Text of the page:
Management Lessons in Seoul
I had the chance to visit Gasan-dong where I spent time with a client exploring how to elevate business creativity to solve problems with a human-centered approach and how to manage change through management innovation. I thought it would be useful to summarize this workshop in a few hands-on approaches to business creativity and management innovation.
More or less everybody agrees that in the competitive world, business creativity is essential to success. Yet so many organizations hinder creativity by not giving their people tools and leads they need to be truly creative.
Just to start with this one: managers should develop the capacity for radical originality — they should re-imagine and reinvent the world in totally unexpected ways. By doing that, they can create a fearless organization, an environment where failure is accepted as part of the creative process. True business creativity needs tools as well as management innovation.
❇️ Be a creative solution to a business problem.
Challenge your current perspectives.
❇️ Probe the possible. Explore options around you.
Have the desire to add value to a brand and society at the same time.
❇️ Be ready to help people, not only sell them things.
If you have a solution to consumer problem — you have their attention.
❇️ Re-evaluate relentlessly. No idea is good forever.
Generate many new and exciting ideas, even if they seem absurd.
❇️ Celebrate curiosity, empathy, and creativity.
Plan less and coordinate more.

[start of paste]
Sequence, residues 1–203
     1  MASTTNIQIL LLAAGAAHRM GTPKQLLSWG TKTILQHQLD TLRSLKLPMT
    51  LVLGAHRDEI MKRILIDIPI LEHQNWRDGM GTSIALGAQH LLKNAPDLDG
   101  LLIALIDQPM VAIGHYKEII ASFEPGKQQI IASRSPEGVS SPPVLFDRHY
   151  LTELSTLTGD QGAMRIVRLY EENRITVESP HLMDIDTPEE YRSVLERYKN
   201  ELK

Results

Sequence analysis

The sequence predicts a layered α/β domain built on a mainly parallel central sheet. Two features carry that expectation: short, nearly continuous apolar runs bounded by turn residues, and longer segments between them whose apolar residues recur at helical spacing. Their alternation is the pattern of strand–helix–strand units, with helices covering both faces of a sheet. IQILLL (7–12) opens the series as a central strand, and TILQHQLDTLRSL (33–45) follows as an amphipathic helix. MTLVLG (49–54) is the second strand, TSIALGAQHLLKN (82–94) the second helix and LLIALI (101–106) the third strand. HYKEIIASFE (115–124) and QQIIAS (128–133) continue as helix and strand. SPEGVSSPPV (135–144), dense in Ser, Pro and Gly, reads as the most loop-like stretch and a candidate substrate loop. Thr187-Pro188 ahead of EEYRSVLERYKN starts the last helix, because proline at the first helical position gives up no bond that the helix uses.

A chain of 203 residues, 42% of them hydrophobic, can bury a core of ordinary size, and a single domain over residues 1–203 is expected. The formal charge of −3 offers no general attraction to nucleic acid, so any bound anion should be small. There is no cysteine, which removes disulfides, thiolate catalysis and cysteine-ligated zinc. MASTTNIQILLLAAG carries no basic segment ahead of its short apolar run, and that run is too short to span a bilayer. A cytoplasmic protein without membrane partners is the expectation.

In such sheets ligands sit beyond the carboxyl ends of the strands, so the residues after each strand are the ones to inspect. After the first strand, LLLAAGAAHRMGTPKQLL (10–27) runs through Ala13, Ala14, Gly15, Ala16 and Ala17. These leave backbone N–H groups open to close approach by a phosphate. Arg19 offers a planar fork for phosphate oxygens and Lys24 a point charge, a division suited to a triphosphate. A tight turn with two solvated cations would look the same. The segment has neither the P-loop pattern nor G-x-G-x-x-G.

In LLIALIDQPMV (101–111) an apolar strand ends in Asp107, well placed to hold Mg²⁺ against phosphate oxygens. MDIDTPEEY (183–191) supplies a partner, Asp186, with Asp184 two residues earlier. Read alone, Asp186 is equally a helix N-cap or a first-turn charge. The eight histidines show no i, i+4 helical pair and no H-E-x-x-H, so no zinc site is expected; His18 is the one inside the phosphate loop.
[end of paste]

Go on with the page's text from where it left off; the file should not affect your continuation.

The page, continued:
Organizations are communities of human beings and diverse talents, not collections of human resources. As human beings, we collaborate with our peers. We care for the very sense of community, since it is the social glue that bonds us together for the social good, and allows us to work and live with fulfilling purpose. Organizations work best when they are communities of committed people who work in collaborative relationships, under conditions of trust and respect.
Collaboration is built through management that cares, not a leadership that cures. It may be fashionable to distinguish leaders from managers, but you would not like to work for a manager who does not lead, either leader who does not manage. We have had more than enough of detached, egocentric leadership: it is time for more management innovation, embedded in collaboration and coordination.
Instead of trainings to create tomorrow’s leaders, we need initiatives that commit today’s managers. Management is a practice, rooted in experience, continuous learning, and mastering coordination. Those new programs and initiatives can take people with experience and the demonstrated skills of management, and leverage that alongside their natural inclination to drive necessary change. Learning and development are about commitment: to the job, but also to the organization, and beyond that, to society in a responsible way.
Originally published at https://www.linkedin.com.